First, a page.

President Signs Central American-Dominican Republic Free Trade Agreement (CAFTA-DR)The White House, East Room
August 2, 2005
Released by the White House
(11:15 A.M. EDT)
THE PRESIDENT: Thanks for the warm welcome. Welcome to the White House. Last week, Congress passed the Central American-Dominican Republic Free Trade Agreement. I want to thank the Republicans and Democrats who came together to support this important agreement. The bill I'm about to sign is good for America. I'm pleased that Congress has taken a step to eliminate the barriers to America's goods and crops to 44 million customers.
I welcome the opportunity to make our nation more secure by strengthening our ties with democracies that share our belief in free markets and free government. I appreciate the vision and leadership of Bob Zoellick and Rob Portman and the many others who worked hard to get this agreement passed. I want to thank the Secretary of State, Condi Rice, for the outstanding job she's doing on behalf of the American people. I want to thank Secretary Mike Johanns from the Department of Agriculture for joining us. And, Stephanie, thank you for being here. I appreciate Secretary Carlos Gutierrez of the Department of Commerce for his good work.
We're honored to be joined by the Chairman of the Senate Foreign Relations Committee, Dick Lugar. I appreciate you coming, Senator. I'm honored you're here. Senator Norm Coleman, who is the Chairman of the Foreign Relations Committee, Western Hemisphere Subcommittee. I appreciate Congressman Clay Shaw, who is the Chairman of the House Ways and Means Trade Subcommittee -- I'm honored that these three members of Congress are standing with us today.
I appreciate los Embajadores from the Central American countries: Ambassador Duenas, Ambassador Stadthagen, Ambassador Espinal, Ambassador Castillo de Guatemala. By the way, Espinal is Dominican Republic; Ambassador Stadthagen is from Nicaragua; Duenas is from Costa Rica. I appreciate Ambassador Leon from El Salvador, who is with us. I want to thank the Special Envoy Garcia from Honduras. I appreciate Ana Escobar, who is the Vice President of El Salvador, for joining us. Bienvenidos. And I want to thank Jose Insulza, who is the Secretary General of the Organization of American States, for joining us. Welcome.
All of us in this room understand that to keep our economy growing and creating jobs, we need to open markets for American products overseas. All of us understand that strengthening our economic ties with our democratic neighbors is vital to America's economic and national security interests. And all of us understand that by strengthening ties with democracies in our hemisphere, we are advancing the stability that comes from freedom.
Right now, Central American goods face almost no tariffs when they enter the United States. By contrast, U.S. exports to Central America still face hefty tariffs there. CAFTA will end these unfair tariffs against American products and help ensure that free trade is fair trade.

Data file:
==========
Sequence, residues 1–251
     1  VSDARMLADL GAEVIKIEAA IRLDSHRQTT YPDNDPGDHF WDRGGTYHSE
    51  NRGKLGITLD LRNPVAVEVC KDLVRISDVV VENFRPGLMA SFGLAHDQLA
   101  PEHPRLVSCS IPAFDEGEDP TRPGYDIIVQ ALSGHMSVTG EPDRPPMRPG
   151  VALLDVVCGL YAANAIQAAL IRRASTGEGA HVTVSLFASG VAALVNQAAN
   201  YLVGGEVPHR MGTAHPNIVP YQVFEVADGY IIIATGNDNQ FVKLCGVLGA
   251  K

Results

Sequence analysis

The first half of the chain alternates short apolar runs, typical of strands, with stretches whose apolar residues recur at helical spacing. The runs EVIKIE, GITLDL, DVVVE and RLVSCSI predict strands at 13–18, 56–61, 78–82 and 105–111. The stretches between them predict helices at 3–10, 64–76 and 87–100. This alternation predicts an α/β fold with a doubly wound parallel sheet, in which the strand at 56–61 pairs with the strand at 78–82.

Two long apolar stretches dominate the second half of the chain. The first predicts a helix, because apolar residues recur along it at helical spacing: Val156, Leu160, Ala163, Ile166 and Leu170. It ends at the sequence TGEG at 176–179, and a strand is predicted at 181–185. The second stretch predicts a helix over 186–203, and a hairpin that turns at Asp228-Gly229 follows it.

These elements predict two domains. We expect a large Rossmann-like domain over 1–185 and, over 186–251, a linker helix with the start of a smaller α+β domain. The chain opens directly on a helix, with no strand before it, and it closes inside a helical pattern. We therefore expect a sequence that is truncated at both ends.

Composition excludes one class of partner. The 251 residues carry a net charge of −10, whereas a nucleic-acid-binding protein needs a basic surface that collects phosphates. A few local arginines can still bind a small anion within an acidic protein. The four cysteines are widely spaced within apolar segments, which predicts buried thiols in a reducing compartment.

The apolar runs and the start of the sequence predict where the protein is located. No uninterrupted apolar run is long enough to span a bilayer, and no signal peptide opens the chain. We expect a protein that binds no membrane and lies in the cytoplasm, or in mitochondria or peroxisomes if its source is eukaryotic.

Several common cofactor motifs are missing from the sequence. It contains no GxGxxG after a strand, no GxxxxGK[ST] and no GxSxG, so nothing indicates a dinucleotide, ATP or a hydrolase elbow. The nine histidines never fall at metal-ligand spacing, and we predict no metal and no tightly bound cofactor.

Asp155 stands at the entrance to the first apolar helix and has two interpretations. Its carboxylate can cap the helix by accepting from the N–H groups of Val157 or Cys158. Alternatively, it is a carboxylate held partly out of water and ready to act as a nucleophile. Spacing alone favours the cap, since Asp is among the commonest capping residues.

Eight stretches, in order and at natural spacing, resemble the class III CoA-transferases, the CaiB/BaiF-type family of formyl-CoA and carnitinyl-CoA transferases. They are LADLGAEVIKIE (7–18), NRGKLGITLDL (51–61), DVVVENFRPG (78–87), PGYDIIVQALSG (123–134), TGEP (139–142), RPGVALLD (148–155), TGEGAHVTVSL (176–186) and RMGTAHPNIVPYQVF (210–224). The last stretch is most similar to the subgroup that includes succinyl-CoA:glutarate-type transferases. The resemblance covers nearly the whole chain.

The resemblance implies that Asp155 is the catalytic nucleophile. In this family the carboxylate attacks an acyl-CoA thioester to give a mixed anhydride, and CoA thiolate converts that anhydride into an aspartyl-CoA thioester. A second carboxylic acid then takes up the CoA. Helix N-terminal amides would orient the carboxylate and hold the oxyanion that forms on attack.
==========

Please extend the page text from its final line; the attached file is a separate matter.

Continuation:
By leveling the playing field for our products, CAFTA will help create jobs and opportunities for our citizens. As CAFTA helps create jobs and opportunity in the United States, it will help the democracies of Central America and the Dominican Republic deliver a better life for their citizens. By further opening up their markets, CAFTA will help those democracies attract the trade and investment needed for economic growth.
This economic growth will boost demand for U.S. goods and reduce poverty and contribute to the rise of a vibrant middle class. This economic growth will raise working standards and will deliver hope and opportunity to people who have made the choice for freedom. The more opportunity that Central Americans have at home to provide for themselves and their families means it's less likely that someone looking for a job will try to come to this country illegally.
By strengthening the democracies in the region, CAFTA will enhance our nation's security. Two decades ago, many of the CAFTA nations struggled with poverty and dictatorship and civil strife. Today, they're working democracies, and we must not take these gains for granted. These nations still face forces that oppose democracy, seek to limit economic freedom, and want to drive a wedge between the United States and the rest of the Americas. The small nations of CAFTA are making big and brave commitments, and CAFTA is a signal that the United States will stand with them and support them. By helping the CAFTA nations build free societies, we'll help them eliminate the lawlessness and instability that terrorists and criminals and drug traffickers feed on. And this will make our country safer.
CAFTA is more than a trade bill; it is a commitment among freedom-loving nations to advance peace and prosperity throughout the region. As the oldest democracy in the Western Hemisphere, the United States has a moral obligation and a vital national security interest in helping democracies in our neighborhood succeed, and CAFTA advances this goal.
And to ensure that the 21st century is one of prosperity and freedom and security, my administration will continue to work to strengthen democracy and open markets for American exports all across the world.
(11:21 A.M. EDT)
Released on August 2, 2005